Yes, I am a criminal. My crime is that of curiosity. My crime
is that of judging people by what they say and think, not what
they look like. My crime is that of outsmarting you, something
that you will never forgive me for. I am a hacker, and this is
from "The Anarchist's Cookbook," offers good insight
into the general mentality of most hackers. First of all, many
hackers feel superior to other people. Notice the reference to
outsmarting the targeted audience, indicating a feeling
of increased intelligence. Besides representing hackers, this
feeling of suppressed superiority also reflects the mentality
of many other young people, particularly that of Dylan Klebold
and Eric Harris, the two teenage gunmen who killed 13 and wounded
21 before taking their own lives at Columbine high school. Glimpses
of this are reflected in the writings the two gunmen left behind,
saying such things as
before I leave this worthless
place, I will kill whoever I deem unfit
will be godlike
Both Harris and Klebold were interested in computers, and even
edited levels of Doom, a popular FPS game, to look
like their school. Now, keep in mind that I am not blaming computers
for this tragedy. What I am suggesting is that a different sort
of mentality is emerging among some teenagers and young people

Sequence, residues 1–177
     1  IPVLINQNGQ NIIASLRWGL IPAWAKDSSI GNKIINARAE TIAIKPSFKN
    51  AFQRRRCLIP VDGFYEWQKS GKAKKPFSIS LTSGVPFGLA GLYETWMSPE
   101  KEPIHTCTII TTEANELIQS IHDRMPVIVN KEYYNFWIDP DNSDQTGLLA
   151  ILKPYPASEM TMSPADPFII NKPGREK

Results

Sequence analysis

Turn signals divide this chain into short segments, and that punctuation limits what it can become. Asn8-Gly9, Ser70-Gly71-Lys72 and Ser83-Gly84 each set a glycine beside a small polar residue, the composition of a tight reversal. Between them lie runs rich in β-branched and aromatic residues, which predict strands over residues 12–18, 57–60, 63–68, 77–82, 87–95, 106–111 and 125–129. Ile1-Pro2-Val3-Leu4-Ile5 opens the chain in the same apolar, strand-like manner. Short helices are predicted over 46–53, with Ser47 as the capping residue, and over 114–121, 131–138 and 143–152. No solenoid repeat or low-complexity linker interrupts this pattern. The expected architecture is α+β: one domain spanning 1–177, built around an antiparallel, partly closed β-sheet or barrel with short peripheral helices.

in society that cannot be contained within our present culture.
Members of the Trenchcoat Mafia, of which Klebold
and Harris were both loosely associated members, were often
harassed by student athletes, according to the Jefferson
County Sheriffs online report. As Lefkowitz suggests in
his essay, Dont Further Empower Cliques, the
athletes in high school received all the glory, while smarter
students were often left feeling ignored. It is this kind of social
structure that can lead to a feeling of suppressed superiority
among students who are often very intelligent but rarely recognized.
Obviously not all students resort to violence of this kind, and
it is here we see the internet culture begin to form. Many turn
to computers as an escape, cocooning themselves in technology
and becoming entrenched in the culture, treating the internet
almost as if it were another world. Others use the internet only
superficially. Those who treat it as another world have a difficult
time readjusting to the dominant culture, which treats the flow
of information and ideas much differently, often placing judgements
and restrictions, which the internet doesnt employ. This
rift between the two groups can cause strain on some individuals,
causing them to have a lower view of the people in the surrounding
culture because the individuals become dissatisfied with the dominant
Though the internet is strongly interwoven with our current dominant
society, the differences between the two could be a point of possible
future division. It will be interesting to observe the progression
of these two very different cultures as they evolve. Will they
continue to grow alongside one another, or will they go their
separate ways? Will they merge together to form something completely
new, or will they split apart and form a multi-layered society?